Integrate WebinarJam + EverWebinar With KARTRA In this video we look at how to intergrate WebinarJam 4.0 with Kartra andRead more
With the arrival of legislation like GDPR and CCPA, companies are under more stringent requirements when collecting and storing consumer information. But how can brands collect the data necessary to reach customers, even as the traditional cookie disappears? This guide will explore some ways privacy-conscious marketers can obtain data in 2020.
More from PostFunnel on GDPR:
Balancing Privacy Regulation and Marketing
Getting On Board For Data Privacy Legislation
GDPR Six Months Later: What Have We Learned So Far?
Gearing Up Towards The Dreadful GDPR
Ready or Not CCPA is Here (And You’re Probably Not)
The Price of Privacy
What are cookies?
Text files stored in your browser history are referred to as “cookies,” supposedly because they’re a treat with a hidden message, like a fortune cookie. Cookies store details like search history, past purchases, and geolocation data to provide a more personalized browsing experience. The data that cookies provide is invaluable to marketers. Advertisers use algorithms to bid on placements that will put their product in front of a user who’s already indicated interest in it or something like it. If you’ve ever been browsing Facebook and seen an ad for the same jacket you’d Googled earlier that morning, that’s cookies working in the background.
There are two types of cookies: first-party and third-party. First-party cookies are used to optimize a visitor’s experience on the site they’re visiting. They’re how an eCommerce site knows what you’ve put in your shopping cart, or which language you prefer. Third-party cookies do not belong to the host site you’re visiting, but may track what you’re doing there anyway. The information they collect is used to track your behavior and serve you personalized ads.
But cookies collect information without the user’s explicit consent and therefore are the target of data privacy regulatory efforts like GDPR and CCPA. Seeing the writing on the wall, the companies that create browsers have started to get in step with protecting users. Safari doesn’t allow third-party cookies, and Google plans to shut off support for third-party cookies by 2022. Many sites now display a banner asking visitors to opt-in to cookies, but users don’t have to consent to view the content. Marketers need to change tactics to keep up with the changes.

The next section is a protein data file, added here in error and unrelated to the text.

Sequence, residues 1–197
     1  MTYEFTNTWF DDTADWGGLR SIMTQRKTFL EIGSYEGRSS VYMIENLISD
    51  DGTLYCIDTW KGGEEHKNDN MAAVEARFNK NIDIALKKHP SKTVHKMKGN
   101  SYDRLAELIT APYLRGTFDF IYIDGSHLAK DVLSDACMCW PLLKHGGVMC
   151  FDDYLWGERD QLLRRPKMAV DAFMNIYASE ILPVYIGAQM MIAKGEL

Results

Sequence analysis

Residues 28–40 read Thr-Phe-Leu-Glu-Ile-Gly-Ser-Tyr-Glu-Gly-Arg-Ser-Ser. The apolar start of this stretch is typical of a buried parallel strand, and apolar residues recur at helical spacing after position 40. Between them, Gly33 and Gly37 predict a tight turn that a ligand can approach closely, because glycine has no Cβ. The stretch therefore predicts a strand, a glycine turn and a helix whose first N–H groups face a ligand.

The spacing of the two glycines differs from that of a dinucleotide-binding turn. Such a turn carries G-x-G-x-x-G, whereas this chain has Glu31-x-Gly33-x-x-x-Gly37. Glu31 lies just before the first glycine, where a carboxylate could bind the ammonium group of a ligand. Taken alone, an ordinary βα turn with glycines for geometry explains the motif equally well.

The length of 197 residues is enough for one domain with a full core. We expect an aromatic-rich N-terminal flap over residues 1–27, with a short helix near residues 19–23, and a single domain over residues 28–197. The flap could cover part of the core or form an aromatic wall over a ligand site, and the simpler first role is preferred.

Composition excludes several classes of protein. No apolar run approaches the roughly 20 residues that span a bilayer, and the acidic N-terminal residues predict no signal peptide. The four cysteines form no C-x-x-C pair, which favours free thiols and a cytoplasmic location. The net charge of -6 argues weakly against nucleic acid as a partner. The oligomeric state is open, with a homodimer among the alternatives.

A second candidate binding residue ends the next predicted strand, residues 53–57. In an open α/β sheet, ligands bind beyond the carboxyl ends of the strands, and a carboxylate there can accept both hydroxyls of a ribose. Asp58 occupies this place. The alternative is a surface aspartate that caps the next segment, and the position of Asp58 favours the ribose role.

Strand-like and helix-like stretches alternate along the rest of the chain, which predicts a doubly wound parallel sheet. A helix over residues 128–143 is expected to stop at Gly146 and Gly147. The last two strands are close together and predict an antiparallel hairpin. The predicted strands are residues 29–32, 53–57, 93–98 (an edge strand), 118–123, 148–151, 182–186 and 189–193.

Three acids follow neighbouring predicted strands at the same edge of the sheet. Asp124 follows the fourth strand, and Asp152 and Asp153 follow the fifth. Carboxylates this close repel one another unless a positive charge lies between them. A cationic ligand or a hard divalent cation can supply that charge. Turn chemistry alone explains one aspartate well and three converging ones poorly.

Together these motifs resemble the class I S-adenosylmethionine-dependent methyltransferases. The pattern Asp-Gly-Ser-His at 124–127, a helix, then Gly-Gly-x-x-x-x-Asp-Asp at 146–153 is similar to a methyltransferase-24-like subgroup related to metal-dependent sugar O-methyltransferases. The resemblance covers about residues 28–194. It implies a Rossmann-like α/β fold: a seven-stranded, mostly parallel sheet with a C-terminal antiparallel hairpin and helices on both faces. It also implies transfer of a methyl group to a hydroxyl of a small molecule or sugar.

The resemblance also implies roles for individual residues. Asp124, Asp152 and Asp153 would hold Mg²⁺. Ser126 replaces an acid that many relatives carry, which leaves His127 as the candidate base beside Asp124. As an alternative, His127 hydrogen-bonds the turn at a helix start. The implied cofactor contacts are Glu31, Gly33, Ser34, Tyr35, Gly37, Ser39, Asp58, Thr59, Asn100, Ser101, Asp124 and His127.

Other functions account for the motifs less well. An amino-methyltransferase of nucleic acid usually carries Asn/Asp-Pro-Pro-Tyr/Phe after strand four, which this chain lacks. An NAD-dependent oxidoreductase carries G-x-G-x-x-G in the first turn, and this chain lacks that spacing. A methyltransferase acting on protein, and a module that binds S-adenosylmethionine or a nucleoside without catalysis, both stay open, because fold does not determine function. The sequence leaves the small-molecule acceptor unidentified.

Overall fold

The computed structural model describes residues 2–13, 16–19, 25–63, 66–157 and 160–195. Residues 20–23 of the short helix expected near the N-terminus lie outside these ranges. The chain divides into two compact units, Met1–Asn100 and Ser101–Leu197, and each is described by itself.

What are GDPR and CCPA?
Now that we know about cookies, we need to understand how they intersect with GDPR and CCPA. The EU’s General Data Protection Regulation (GDPR) is a legal framework that sets the rules for collecting and processing personal information. If your company does business in the EU and stores personal data such as names, addresses, or even hobbies, it must be GDPR compliant or risk enormous fines.
The California Consumer Privacy Act (CCPA) is similar to GDPR in that it was designed to protect the data privacy rights of California residents by regulating how their personal information is collected and stored. The CCPA differs from GDPR in certain key aspects, however, so GDPR compliance does not guarantee CCPA compliance. It’s important to note that GDPR and CCPA regulations apply to the location of your customer, not your business. If you have any clients in the EU or California, compliance is compulsory.
Give some to get some
Perhaps the easiest way to ensure you’ve got a consumer’s full consent is to give them something in return. A survey or poll can provide a wealth of insight while also making the respondent feel positive about providing their personal details. Depending on what you ask, you can use surveys to create buyer personas, collect basic demographic information, or determine elements of your business that could use improvement.